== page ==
Samir Awad was unarmed when he was shot in the back eight times by soldiers. During his killers’ trial, the judge and defense treated the dead boy as if he was the one being charged with a crime.
Samir Awad is evacuated for medical treatment after being shot in the back of the neck by Israeli soldiers, January 13, 2013. (Nader Morar/B’Tselem).
In Israeli courts, the rare trial of a soldier who killed a Palestinian invariably becomes a trial of the Palestinian they killed. Tuesday morning in the Ramle Magistrate’s Court, where two former Israeli soldiers are on trial for killing 16-year-old Samir Awad, was no exception.
Samir was not mentioned once by name during the nearly four-hour cross-examination of one of the two soldiers on trial. The judge and defense lawyers reflexively referred to Samir as “the suspect” — as if the dead boy was being charged with a crime instead of the soldiers who shot him.
“It is as if nobody died,” remarked one of the Israeli activists who had come to support Ahmad, Samir’s father.
Samir Awad was shot in the back eight times by soldiers who had been lying in ambush near a hole in Israel’s separation barrier. Samir was not armed. He did not pose a threat to anyone. He was running away at the time he was shot.
For shooting and killing Samir, A. and B., the two former soldiers whose names are under gag order, are charged with “reckless and negligent use of a firearm.”
Ahmad Awad, whose son, Samir, was shot and killed by Israeli soldiers, stands outside Ramle Magistrate’s Court, September 22, 2016. (photo: Haggai Matar)
When Ahmad Awad, Samir’s father, finally reached Room 207 in the Ramle Magistrate’s Court Tuesday morning, he was not allowed to enter. He had woken up early that morning to make it from the West Bank village of Budrus, through a checkpoint that he needed a special military permit to cross. From there, an Israeli activist picked him up and drove him to the courthouse, a drab, tan building on a street named after Israel’s first president.
Ahmad has been making this trip since 2015, when Israeli authorities — after a more than two-year delay — indicted the two soldiers who shot and killed 16-year-old Samir in January 2013.
Teeth gritted and arms folded across his chest, Ahmad toed at the waxed-tile floor and waited outside the courtroom where his sons’ killers sat. Inside, the presiding judge, Rivka Glatz, held a short, closed-door mediation session between the prosecution, the soldiers who shot Samir, and their lawyers. Ahmad asked to be present for the mediation but was told to leave since he is not technically a party to the case.
“The case has been badly damaged,” the prosecutor told Ahmad when he emerged from the closed-door session. The defense, he explained, thinks they have a chance of getting off completely — and they might be right.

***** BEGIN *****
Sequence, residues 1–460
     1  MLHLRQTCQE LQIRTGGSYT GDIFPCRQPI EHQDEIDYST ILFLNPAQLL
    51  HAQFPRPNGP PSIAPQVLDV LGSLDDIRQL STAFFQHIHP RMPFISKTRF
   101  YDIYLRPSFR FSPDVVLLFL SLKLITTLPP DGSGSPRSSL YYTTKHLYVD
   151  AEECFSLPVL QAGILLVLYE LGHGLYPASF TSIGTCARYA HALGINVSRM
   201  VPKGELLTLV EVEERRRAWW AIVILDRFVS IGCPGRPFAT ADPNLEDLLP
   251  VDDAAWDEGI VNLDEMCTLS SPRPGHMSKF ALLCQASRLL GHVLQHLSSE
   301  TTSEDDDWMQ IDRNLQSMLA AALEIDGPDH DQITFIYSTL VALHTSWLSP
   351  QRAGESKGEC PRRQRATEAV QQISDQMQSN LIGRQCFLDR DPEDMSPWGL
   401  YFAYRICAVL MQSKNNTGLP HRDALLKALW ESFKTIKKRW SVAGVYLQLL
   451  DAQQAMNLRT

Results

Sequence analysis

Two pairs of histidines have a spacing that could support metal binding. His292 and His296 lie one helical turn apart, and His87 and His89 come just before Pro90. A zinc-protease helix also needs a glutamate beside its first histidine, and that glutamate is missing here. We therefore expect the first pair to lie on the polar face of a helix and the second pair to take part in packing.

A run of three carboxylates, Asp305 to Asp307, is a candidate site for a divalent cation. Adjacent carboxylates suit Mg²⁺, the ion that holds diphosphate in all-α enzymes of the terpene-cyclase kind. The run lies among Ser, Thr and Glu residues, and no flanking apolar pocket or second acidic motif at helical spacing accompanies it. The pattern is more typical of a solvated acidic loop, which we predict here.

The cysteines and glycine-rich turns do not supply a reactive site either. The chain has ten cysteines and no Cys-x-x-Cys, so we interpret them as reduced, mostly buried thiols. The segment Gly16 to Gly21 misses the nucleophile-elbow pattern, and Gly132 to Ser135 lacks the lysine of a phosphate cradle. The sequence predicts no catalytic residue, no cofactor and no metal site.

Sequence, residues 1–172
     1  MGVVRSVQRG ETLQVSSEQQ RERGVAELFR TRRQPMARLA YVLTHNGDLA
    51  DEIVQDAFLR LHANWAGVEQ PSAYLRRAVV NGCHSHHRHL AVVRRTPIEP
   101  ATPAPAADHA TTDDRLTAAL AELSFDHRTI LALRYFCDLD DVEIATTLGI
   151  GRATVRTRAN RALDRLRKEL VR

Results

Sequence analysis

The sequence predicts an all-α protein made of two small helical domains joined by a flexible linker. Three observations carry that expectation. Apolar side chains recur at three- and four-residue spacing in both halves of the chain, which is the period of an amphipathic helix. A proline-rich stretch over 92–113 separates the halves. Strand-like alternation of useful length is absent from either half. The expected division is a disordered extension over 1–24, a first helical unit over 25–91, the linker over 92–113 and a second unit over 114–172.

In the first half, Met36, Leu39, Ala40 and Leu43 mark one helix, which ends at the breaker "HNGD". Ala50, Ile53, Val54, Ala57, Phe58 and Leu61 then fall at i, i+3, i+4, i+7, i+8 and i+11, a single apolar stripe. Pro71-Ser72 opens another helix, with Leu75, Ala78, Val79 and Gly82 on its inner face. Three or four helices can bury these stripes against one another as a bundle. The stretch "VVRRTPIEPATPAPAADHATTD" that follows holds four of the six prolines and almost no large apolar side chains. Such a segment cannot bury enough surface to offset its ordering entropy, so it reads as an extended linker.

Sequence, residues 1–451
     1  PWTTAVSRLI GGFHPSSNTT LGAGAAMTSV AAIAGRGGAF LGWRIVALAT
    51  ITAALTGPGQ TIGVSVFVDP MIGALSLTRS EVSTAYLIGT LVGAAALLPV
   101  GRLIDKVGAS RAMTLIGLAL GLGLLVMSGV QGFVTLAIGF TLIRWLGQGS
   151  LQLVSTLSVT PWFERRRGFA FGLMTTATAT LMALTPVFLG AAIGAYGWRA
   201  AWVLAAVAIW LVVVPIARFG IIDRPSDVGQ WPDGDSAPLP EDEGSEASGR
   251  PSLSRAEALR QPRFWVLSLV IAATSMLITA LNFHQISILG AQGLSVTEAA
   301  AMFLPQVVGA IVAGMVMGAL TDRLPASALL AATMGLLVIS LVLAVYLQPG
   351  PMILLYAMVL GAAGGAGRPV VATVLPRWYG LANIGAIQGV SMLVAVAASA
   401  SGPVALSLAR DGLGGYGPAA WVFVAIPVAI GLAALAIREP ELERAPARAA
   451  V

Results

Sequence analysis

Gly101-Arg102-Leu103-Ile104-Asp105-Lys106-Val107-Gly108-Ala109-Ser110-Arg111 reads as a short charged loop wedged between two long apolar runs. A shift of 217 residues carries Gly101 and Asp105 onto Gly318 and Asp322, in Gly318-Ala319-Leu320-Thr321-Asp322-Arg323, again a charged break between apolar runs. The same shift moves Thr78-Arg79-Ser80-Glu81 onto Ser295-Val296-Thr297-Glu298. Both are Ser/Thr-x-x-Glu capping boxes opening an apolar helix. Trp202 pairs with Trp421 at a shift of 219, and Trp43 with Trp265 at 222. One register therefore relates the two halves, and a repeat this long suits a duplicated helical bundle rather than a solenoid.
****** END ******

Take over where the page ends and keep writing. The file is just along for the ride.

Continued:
The defense is arguing that prosecuting the two soldiers for illegally killing Samir would constitute “selective enforcement” of the law. To prove their point, they are demanding that the state reveal statistical data regarding criminal investigations and prosecutions of other soldiers who have killed Palestinians, as well as the case materials themselves.
Israeli authorities do not want to provide those files, on which the outcome of the case might depend.
An Israeli solider shoots tear gas toward Palestinian demonstrators during a protest against the occupation in the West Bank village of Budrus, three days after soldiers shot and killed 16-year-old Samir Awad, January 18, 2013. (Oren Ziv/Activestills.org)
The distance between the courtroom and the often incomprehensible reality of the occupation felt immense on Tuesday morning. The judge seemed to struggle to grasp the technical details of the soldier’s testimony and the prosecutor’s questions about the precise angle of B.’s gun when he opened fire on Samir; the respective positions of B. and Samir relative to the various parts of the separation barrier; and the complex nature of the separation barrier.
Throughout the testimony of B., a tall, soft-spoken twenty-something with dark brown hair pulled back into a short ponytail, a casual observer never would have guessed that the “reckless and negligent use of a firearm” for which he was being tried had actually resulted in eight bullets in 16-year-old Samir’s body, one of which pierced the nape of his neck.
Part of the absurdity of Tuesday’s hearing stemmed from the fact that the case, of two active duty soldiers committing a crime during a military operation, is being heard in a civilian court. It took Israeli authorities more than two years to indict the soldiers who shot Samir — only after Ahmad, with the help of Israeli human rights group B’Tselem, sued to force the Military Advocate General to either file an indictment or close the investigation. By the time authorities finally reached a decision to prosecute, A. and B. were no longer under the jurisdiction of the military justice system. They are being tried as civilians by civilian prosecutors in a civilian court not designed to adjudicate military matters.
When the hearing was finally over, Ahmad went to the court’s administrative office to receive documents that will enable him to get a travel permit from the army so he can cross through the checkpoint for the next hearing, tentatively scheduled for May 15, Nakba Day. That is, if the prosecution decides to hand over all of the data and case files of other Israeli soldiers who were investigated and prosecuted for killing Palestinians.
If they don’t hand over the files, there is a chance that the final time Ahmad makes the journey from Burdus to Ramle will be to watch his son’s killers walk free.